Monday, July 4th | 5 Tammuz 5782

August 28, 2019 11:00 am

When Jews Kept Quiet

avatar by Jerold Auerbach


One of the most famous pictures of Jews being rounded up by Nazi Germans during the Holocaust, this from the Warsaw Ghetto Uprising in May 1943. Photo: Wikimedia Commons.

The appalling failure of President Franklin D. Roosevelt to provide an American refuge for European Jews confronting the horrors of the Holocaust has long been carefully analyzed and documented by historian Rafael Medoff. Ever since his first book, more than thirty years ago, explored the “deafening silence” of American Jewish leaders in response to the Nazi slaughter, he has probed the evasion in the highest circles of American government and Jewish leadership of the issue of the annihilation of European Jewry.

In his newest book, The Jews Should Keep Quiet, Medoff carefully and scathingly analyzes the collaboration of Rabbi Stephen S. Wise, leader of American Jewry in the 1930s and 1940s, with the President revered by American Jews. The dilemma for Wise and his followers, Medoff writes, was whether to speak out against their beloved president’s acquiescence in the Nazi annihilation of European Jewry, thereby jeopardizing their yearning to be recognized as loyal Americans not pushy Jews.

Why, Medoff asks, did Roosevelt do so little to save European Jews? He suppressed immigration, left restrictive quotas unfilled, turned away refugees to the Virgin Islands where they would be willingly accepted, and refused to grant even temporary residence (not citizenship) to desperate Jews fleeing for their lives. His administration would not authorize bombing the railroad and bridges leading to Auschwitz although targets only a few miles away were attacked.

If the president’s indifference to the plight of European Jews seems inexplicable, when so little could have saved so many, how to explain the sycophancy of Rabbi Wise? Founder of the American Jewish Congress and an outspoken Zionist who advocated the fusion of Jewish principles with progressive social and political causes, Wise lavished praise on Roosevelt for his social justice agenda. He was, to be sure, concerned about Roosevelt’s silent response to the worsening plight of European Jews. But at a time of serious economic depression at home he thought it “unfair” to trouble the President with the “lesser problem” across the ocean. Criticizing “court Jews” who were subservient to the president, Wise became prominent among them even as he grasped the mounting danger confronting European Jews.

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With meticulous detail, Medoff documents the entwined failures of an indifferent president and a sycophantic Jewish leader. As early as 1933, Wise yielded to government officials who requested silence regarding the deepening plight of German Jews. Given Wise’s “profound aversion to saying anything that would embarrass President Roosevelt,” he remained silent when the president refused to permit the St. Louis, carrying nine hundred German Jewish refugees (primarily women and children), to dock on American shores.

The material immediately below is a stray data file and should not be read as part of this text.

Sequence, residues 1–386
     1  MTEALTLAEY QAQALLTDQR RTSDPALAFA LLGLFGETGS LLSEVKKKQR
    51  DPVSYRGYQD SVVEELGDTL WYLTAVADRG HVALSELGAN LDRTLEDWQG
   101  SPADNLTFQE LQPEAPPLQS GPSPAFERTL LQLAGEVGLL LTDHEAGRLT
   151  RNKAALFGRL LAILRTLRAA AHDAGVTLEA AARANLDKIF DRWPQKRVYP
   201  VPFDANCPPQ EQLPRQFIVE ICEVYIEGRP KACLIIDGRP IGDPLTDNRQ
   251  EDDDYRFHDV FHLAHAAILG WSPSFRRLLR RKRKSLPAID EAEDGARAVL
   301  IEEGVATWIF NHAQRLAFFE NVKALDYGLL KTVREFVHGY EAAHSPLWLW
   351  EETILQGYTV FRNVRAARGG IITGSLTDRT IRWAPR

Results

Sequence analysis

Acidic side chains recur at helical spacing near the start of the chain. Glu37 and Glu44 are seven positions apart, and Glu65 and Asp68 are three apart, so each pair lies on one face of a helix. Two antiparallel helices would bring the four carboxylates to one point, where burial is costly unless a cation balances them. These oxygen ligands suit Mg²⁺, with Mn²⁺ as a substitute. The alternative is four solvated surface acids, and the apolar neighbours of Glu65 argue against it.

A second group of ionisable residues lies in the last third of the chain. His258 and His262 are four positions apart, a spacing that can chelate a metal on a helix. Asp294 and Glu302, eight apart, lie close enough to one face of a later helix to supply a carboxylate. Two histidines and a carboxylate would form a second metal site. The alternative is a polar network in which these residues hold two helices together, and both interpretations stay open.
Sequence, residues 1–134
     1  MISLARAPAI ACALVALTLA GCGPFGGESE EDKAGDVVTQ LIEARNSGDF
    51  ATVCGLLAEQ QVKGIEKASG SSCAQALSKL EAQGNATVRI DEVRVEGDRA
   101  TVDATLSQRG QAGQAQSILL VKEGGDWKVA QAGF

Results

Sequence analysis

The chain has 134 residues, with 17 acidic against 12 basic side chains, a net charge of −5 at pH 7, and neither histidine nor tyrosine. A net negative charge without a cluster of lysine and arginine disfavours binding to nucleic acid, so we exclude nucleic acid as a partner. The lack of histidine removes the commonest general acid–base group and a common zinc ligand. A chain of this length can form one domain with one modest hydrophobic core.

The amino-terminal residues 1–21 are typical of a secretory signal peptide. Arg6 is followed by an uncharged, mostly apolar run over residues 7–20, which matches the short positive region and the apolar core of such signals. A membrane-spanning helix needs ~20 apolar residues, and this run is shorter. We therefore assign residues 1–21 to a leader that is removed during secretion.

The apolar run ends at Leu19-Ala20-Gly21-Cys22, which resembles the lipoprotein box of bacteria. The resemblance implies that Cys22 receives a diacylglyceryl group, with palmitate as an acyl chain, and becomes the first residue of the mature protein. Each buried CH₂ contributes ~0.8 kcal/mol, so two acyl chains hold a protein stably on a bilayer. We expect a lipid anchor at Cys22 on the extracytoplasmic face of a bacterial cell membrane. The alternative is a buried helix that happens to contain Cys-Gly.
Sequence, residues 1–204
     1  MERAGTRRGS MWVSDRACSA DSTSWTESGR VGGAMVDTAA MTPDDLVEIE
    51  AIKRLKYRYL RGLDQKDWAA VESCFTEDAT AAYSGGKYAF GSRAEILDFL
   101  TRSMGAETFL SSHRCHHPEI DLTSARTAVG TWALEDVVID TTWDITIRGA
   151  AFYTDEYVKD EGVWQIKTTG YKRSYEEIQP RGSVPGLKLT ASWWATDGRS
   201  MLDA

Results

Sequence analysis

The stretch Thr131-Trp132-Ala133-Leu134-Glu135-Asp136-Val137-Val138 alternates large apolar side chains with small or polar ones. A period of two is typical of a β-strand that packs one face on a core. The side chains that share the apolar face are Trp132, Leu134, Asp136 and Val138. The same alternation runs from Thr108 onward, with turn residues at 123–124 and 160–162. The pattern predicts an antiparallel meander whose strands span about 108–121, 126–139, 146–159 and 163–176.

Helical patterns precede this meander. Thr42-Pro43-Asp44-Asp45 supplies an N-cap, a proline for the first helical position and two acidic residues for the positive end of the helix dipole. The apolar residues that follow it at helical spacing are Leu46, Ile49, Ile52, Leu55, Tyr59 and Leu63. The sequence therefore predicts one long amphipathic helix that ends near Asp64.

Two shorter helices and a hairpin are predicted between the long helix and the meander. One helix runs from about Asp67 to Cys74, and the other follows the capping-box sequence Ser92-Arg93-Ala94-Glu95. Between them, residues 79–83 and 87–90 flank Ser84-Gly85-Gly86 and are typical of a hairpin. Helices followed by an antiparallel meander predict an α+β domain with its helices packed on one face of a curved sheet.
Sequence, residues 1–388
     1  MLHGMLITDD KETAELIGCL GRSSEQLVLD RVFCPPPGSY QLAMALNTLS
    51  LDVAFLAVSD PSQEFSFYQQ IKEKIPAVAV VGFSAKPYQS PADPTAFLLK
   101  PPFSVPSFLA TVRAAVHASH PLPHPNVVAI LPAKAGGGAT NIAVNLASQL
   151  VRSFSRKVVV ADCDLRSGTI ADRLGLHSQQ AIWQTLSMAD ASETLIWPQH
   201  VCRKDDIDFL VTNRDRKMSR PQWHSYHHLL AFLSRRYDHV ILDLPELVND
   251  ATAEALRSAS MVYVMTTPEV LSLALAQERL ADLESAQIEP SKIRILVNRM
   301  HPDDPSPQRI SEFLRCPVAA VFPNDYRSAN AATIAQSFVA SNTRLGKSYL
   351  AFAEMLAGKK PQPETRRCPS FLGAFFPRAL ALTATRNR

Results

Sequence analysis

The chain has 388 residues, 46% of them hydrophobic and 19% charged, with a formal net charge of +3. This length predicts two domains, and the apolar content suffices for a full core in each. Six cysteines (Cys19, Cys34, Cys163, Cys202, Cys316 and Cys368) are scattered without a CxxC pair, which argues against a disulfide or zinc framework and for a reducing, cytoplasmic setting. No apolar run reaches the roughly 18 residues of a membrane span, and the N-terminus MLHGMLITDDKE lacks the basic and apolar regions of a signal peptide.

Medoff carefully documents Wise’s “failure to grasp the overwhelming catastrophe” that confronted European Jews by 1942. Once he did, deference — indeed sycophancy — to Roosevelt took priority, with obsequious references in private correspondence to the “Great Man” and the “All Highest.” Recounting Wise’s veto of proposals for mass public demonstrations to protest Nazi atrocities, Medoff notes that he was more concerned with “the difficulties and pressures under which the President rests” than with the desperate plight of European Jews.

For Roosevelt, the Hyde Park patrician, to believe that the United States “was by nature, and should remain, an overwhelmingly white, Protestant country” is not surprising. Claiming that Jews possessed “certain innate and distasteful characteristics,” he opposed bringing more of them to American shores. Wise’s political strategy, Medoff persuasively concludes, was “to shield the Roosevelt administration from Jewish criticism” while the president “maneuvered Rabbi Wise to help insure that the Jews would keep quiet.” A devoted American court Jew, Wise would not publicly challenge Roosevelt’s indifference to the annihilation of six million European Jews.

Medoff’s book, prodigiously researched in Israeli and American archives, is painful, but important to read. Sadly, it reminded me of the devotion of my own parents and relatives, assimilated children of Eastern European immigrants, to President Roosevelt and Rabbi Wise. They too believed that “Jews should keep quiet.” At stake was nothing less than their passionate desire to be and be recognized as loyal Americans.

Jerold S. Auerbach is the author of Print to Fit: The New York Times, Zionism, and Israel, published by Academic Studies Press.

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